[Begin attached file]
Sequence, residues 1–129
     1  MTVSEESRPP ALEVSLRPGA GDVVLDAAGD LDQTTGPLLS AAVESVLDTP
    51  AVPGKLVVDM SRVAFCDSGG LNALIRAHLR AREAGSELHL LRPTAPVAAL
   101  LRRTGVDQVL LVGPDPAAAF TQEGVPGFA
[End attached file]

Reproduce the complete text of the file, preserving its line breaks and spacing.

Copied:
Sequence, residues 1–129
     1  MTVSEESRPP ALEVSLRPGA GDVVLDAAGD LDQTTGPLLS AAVESVLDTP
    51  AVPGKLVVDM SRVAFCDSGG LNALIRAHLR AREAGSELHL LRPTAPVAAL
   101  LRRTGVDQVL LVGPDPAAAF TQEGVPGFA